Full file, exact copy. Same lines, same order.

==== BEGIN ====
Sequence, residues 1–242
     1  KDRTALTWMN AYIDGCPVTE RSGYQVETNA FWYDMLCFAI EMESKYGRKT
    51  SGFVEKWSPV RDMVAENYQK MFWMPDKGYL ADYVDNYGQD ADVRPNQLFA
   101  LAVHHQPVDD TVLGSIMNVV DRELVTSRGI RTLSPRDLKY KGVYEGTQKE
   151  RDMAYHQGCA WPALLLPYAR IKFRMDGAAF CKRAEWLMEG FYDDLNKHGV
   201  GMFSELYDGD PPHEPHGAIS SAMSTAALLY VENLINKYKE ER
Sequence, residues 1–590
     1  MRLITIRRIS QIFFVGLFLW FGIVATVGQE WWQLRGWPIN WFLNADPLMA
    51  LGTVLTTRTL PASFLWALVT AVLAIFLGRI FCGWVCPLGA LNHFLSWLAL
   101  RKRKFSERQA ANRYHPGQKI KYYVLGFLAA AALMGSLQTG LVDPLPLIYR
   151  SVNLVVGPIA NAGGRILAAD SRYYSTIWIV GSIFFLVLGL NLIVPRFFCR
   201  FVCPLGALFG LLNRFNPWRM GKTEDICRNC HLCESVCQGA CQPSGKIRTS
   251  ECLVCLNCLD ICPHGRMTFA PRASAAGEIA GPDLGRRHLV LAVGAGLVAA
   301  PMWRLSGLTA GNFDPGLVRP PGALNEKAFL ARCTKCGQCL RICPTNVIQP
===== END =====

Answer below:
Sequence, residues 1–242
     1  KDRTALTWMN AYIDGCPVTE RSGYQVETNA FWYDMLCFAI EMESKYGRKT
    51  SGFVEKWSPV RDMVAENYQK MFWMPDKGYL ADYVDNYGQD ADVRPNQLFA
   101  LAVHHQPVDD TVLGSIMNVV DRELVTSRGI RTLSPRDLKY KGVYEGTQKE
   151  RDMAYHQGCA WPALLLPYAR IKFRMDGAAF CKRAEWLMEG FYDDLNKHGV
   201  GMFSELYDGD PPHEPHGAIS SAMSTAALLY VENLINKYKE ER
Sequence, residues 1–590
     1  MRLITIRRIS QIFFVGLFLW FGIVATVGQE WWQLRGWPIN WFLNADPLMA
    51  LGTVLTTRTL PASFLWALVT AVLAIFLGRI FCGWVCPLGA LNHFLSWLAL
   101  RKRKFSERQA ANRYHPGQKI KYYVLGFLAA AALMGSLQTG LVDPLPLIYR
   151  SVNLVVGPIA NAGGRILAAD SRYYSTIWIV GSIFFLVLGL NLIVPRFFCR
   201  FVCPLGALFG LLNRFNPWRM GKTEDICRNC HLCESVCQGA CQPSGKIRTS
   251  ECLVCLNCLD ICPHGRMTFA PRASAAGEIA GPDLGRRHLV LAVGAGLVAA
   301  PMWRLSGLTA GNFDPGLVRP PGALNEKAFL ARCTKCGQCL RICPTNVIQP